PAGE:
Let’s Eat for $7.70: Tasty menu makes Barriques special
June 9, 2010

With its spacious interior, innovative menu and mouth-watering baked goods, the Barriques location near the Capitol demonstrates why this small, local coffee shop chain is a delightful alternative to the ubiquitous Starbucks.  The great coffee and free Wi-Fi at Barriques, 127 W. Washington Ave., certainly attracts customers, but it’s the outstanding food that turns them into regulars.
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Recent Obsessions: Candied bacon, jigsaw puzzles, handbags, fantasy chocolate, love soup
January 12, 2010

Candied bacon was one of the stand-out dishes at the REAP Farm to School “Pork-Off” benefit on Sunday, Jan. 10, at the Weary Traveler. Mike Kiener, food manager at Barriques, developed the recipe: He coats applewood-smoked bacon in a dry rub of brown sugar and about 14 herbs and spices, including chili pepper; then bakes it to a crisp, cuts it into two-inch slices and dips them in dark chocolate. Yes, it’s divine. Chewy, salty, sweet and fatty, all in one bite. “Bacon candy,” as Kiener calls it, isn’t available for sale at Barriques’ wine and coffee shops, but he’ll make special orders of it upon request (call 277-9463).
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Barriques breakfast sandwich rules over fast food
September 17, 2009

For those seeking a local alternative to the fast food breakfast sandwich, Barriques Market in Fitchburg offers a tasty option that can be ordered morning, noon or night.
It’s a baked egg omelet with Hook’s Cheddar cheese, served on a pillowy multi-grain roll from Madison Sourdough. The price? $2.50. With an addition of Nueske’s applewood smoked ham or bacon, it’s $3.75.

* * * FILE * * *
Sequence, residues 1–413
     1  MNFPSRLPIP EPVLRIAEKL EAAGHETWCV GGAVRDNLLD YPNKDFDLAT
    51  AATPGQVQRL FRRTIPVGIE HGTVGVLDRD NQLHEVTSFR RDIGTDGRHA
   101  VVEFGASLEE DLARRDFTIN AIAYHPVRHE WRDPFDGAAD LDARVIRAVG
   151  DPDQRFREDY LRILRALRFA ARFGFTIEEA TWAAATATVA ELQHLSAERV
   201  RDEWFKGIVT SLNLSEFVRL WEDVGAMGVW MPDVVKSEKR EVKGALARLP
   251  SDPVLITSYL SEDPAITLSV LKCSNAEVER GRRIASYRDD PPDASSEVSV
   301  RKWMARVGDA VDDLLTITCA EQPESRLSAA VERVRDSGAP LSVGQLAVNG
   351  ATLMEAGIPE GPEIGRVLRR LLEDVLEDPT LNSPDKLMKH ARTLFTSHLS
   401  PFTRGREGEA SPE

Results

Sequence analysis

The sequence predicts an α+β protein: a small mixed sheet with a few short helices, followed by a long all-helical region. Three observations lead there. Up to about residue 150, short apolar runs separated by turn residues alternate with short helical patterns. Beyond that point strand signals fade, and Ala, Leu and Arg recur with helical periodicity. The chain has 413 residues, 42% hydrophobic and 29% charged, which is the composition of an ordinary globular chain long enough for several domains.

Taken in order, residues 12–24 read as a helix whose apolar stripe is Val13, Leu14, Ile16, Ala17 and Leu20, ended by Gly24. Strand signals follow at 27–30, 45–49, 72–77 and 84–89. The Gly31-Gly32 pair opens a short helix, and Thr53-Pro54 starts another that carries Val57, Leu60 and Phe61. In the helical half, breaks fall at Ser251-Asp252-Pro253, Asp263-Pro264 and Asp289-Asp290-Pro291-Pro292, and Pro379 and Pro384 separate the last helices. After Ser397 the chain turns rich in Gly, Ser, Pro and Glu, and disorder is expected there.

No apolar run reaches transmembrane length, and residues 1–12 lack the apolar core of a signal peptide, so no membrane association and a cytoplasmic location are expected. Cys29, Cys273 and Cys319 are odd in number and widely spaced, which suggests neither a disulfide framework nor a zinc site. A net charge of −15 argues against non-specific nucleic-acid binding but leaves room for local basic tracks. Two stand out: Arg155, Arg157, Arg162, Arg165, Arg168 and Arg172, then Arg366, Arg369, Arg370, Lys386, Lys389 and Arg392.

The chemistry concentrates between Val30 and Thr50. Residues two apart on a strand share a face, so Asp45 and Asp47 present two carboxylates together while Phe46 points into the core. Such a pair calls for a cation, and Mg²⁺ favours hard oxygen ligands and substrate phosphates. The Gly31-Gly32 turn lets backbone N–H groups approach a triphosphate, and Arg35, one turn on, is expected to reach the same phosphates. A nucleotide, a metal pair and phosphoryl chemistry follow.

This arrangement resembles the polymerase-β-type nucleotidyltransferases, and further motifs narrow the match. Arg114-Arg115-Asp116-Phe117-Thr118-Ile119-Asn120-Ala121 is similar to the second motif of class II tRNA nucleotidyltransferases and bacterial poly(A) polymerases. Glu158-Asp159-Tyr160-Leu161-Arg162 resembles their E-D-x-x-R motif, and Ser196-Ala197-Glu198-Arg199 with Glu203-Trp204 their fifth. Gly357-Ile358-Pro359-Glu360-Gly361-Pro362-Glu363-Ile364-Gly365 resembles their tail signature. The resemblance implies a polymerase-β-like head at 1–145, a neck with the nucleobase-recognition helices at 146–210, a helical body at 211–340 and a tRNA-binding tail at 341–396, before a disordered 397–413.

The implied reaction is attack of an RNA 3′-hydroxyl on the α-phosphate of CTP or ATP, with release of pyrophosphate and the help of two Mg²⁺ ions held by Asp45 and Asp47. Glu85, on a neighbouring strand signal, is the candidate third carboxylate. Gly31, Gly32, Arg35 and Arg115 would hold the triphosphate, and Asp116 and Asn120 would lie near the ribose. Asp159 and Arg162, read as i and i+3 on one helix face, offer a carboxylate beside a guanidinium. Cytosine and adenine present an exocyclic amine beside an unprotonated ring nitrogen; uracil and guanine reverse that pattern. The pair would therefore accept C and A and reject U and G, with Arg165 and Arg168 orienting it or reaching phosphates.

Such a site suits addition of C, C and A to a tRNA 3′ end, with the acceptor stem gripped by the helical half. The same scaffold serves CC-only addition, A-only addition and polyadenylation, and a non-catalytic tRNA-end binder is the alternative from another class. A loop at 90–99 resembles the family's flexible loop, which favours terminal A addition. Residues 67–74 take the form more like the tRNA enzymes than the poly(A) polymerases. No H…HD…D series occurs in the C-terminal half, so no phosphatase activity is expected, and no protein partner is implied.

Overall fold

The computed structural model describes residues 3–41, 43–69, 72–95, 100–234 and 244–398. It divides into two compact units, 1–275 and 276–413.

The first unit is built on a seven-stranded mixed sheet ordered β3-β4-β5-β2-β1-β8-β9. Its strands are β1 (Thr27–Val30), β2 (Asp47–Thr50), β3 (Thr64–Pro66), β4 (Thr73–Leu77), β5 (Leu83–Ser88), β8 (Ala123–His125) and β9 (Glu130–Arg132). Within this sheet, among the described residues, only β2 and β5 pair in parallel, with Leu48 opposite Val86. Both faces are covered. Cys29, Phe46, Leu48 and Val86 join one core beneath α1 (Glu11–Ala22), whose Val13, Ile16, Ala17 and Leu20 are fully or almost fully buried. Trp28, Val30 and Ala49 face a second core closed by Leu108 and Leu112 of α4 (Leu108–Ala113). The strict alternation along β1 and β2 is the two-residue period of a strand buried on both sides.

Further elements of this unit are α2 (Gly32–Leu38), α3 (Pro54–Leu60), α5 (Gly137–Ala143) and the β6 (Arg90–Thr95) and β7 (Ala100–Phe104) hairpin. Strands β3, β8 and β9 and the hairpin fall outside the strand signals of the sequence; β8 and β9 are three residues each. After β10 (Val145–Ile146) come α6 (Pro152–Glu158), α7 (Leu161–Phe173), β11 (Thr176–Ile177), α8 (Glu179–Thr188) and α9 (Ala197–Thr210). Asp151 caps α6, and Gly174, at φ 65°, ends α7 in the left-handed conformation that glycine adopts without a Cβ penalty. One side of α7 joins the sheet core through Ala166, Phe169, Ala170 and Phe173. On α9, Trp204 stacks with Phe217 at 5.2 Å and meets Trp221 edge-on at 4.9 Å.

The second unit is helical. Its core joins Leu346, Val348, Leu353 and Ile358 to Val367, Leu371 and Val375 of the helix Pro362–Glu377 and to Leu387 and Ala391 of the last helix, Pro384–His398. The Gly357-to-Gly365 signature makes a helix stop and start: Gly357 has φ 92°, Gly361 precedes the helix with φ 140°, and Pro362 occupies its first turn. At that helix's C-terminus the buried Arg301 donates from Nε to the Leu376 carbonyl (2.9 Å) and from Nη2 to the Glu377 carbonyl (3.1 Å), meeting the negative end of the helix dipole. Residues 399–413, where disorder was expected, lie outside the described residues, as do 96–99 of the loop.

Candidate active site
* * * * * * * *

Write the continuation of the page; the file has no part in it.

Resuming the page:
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Retailers don’t feel sour grapes about returning bad wine
January 14, 2009

At a recent Barriques wine tasting, a bottle of Barbaresco was the talk of the evening. It wasn’t because the Italian red wine was intensely fruity or spicy, or even that it tasted good.
In fact, this Barbaresco was the star of the show because it was bad. The musty smell was a quick giveaway.
“I pulled a cork, and I could smell it right away,” said Barriques owner and wine buyer Finn Berge. “Everybody said, ‘Let me smell it, let me smell it.’ They wanted to be able to identify it.”
Bad wine happens. Wine merchants know it, distributors know it, winemakers know it. Consumers should know it, too, and realize they can take a bottle of wine back to the store that sold it to them.
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Local wine tastings have uncorked Madison’s passion for vino
August 6, 2008

Few places have contributed more locally to the democratization of wine than Barriques, the Madison area’s popular chain of five wine and coffee shops, which opened its Wine Cave on Monroe Street about 10 years ago.
With its “Wall of 100” — drinkable wines for $10 or less — and nearly 50 wine and spirits tastings this summer alone, Barriques has turned on thousands to the pleasures and nuances of drinking wine from all regions of the world, and at a wide range of price points.
Co-owner and wine aficionado Finn Berge, who can speak for hours (and does) about how local conditions, climate and handling have an impact on the taste of grapes and wine, said that one of Barriques’ goals is to allow wine drinkers to be adventurous.

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